Her first thought when she sees Patrick standing on her purple peace sign doormat is her father. He looks just like her biological father! Well, just like the few pictures she's seen, at least. With his red hair and droopy eyes. And his shiny white teeth, lined up in a row as neat as if they had been drawn in with a pencil. The resemblance is undeniable. What if Patrick is her long lost half-brother, Betty thinks with a flurry of anxiety in her stomach. But, no, that would be impossible. This is not a movie, she tells herself as she looks into the stranger's sad eyes.
"Hi," Patrick finally says. "Are you Betty?" She nods. "I'm so sorry to do this," he continues. "I just really need to see her, you know?" He looks at her, running his hands through his shaggy hair, pushing it off his forehead. "You know," Patrick says. "You probably know better than me, right? She talks to you more than she talks to me, right?"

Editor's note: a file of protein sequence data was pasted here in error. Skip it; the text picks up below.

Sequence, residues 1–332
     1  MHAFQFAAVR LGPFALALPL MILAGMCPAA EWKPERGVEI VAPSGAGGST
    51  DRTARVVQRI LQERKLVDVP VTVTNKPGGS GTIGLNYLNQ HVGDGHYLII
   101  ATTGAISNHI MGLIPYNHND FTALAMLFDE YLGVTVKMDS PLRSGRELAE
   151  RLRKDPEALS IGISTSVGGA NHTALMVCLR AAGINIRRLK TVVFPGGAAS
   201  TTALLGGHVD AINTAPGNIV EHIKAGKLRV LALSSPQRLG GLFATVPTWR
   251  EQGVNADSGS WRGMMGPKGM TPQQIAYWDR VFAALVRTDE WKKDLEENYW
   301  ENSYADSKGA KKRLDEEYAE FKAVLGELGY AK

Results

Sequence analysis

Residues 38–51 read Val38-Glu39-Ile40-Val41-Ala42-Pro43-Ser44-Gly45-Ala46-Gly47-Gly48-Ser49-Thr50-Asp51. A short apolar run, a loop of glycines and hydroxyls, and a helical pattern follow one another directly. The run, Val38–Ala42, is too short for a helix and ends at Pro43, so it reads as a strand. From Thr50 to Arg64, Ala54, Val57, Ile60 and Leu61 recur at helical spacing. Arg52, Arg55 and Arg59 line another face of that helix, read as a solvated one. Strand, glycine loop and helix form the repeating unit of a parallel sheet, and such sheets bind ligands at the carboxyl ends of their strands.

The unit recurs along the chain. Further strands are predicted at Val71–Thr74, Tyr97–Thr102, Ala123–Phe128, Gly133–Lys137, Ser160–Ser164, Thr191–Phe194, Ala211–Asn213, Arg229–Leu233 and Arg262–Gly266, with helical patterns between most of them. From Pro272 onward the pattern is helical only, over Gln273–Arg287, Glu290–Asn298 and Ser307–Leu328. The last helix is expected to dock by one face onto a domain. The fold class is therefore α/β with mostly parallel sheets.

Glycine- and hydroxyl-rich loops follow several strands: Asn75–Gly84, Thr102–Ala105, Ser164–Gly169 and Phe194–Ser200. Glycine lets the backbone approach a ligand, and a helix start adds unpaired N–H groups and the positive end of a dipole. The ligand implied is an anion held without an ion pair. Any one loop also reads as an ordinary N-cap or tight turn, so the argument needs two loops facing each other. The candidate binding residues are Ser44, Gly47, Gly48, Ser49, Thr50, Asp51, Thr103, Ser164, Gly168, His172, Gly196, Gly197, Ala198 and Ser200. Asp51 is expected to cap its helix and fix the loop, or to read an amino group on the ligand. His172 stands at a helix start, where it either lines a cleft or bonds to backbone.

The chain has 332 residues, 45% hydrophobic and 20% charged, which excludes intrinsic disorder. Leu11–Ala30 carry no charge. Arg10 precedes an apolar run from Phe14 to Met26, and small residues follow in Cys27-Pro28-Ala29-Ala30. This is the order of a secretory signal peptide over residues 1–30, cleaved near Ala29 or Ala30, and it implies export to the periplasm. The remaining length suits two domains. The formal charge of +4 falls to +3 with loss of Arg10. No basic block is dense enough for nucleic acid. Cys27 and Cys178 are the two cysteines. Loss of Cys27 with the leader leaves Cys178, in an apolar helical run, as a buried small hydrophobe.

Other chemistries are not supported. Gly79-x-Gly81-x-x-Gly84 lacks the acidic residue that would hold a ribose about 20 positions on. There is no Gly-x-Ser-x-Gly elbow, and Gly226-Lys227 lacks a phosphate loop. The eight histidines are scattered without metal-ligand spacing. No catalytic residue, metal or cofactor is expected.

Betty nods. Looking into Patrick's jittery eyes, she can't tell which one of them is more nervous. He doesn't even seem to be seeing her as his gaze darts from the doormat to Betty's face to the empty apartment behind her. "You can come in," she says, trying to make her voice sound soothing and confident like an elementary school teacher's.
Patrick smiles and brushes past her into the living room, looking at her and pointing to her overstuffed beige armchair, the one Betty herself has never even sat in, before he sits down. She nods, then walks over to take a seat on the couch.
"How long have you two lived together?" Patrick asks, once they are both sitting.
"Oh, I think it's been about a month," Betty says.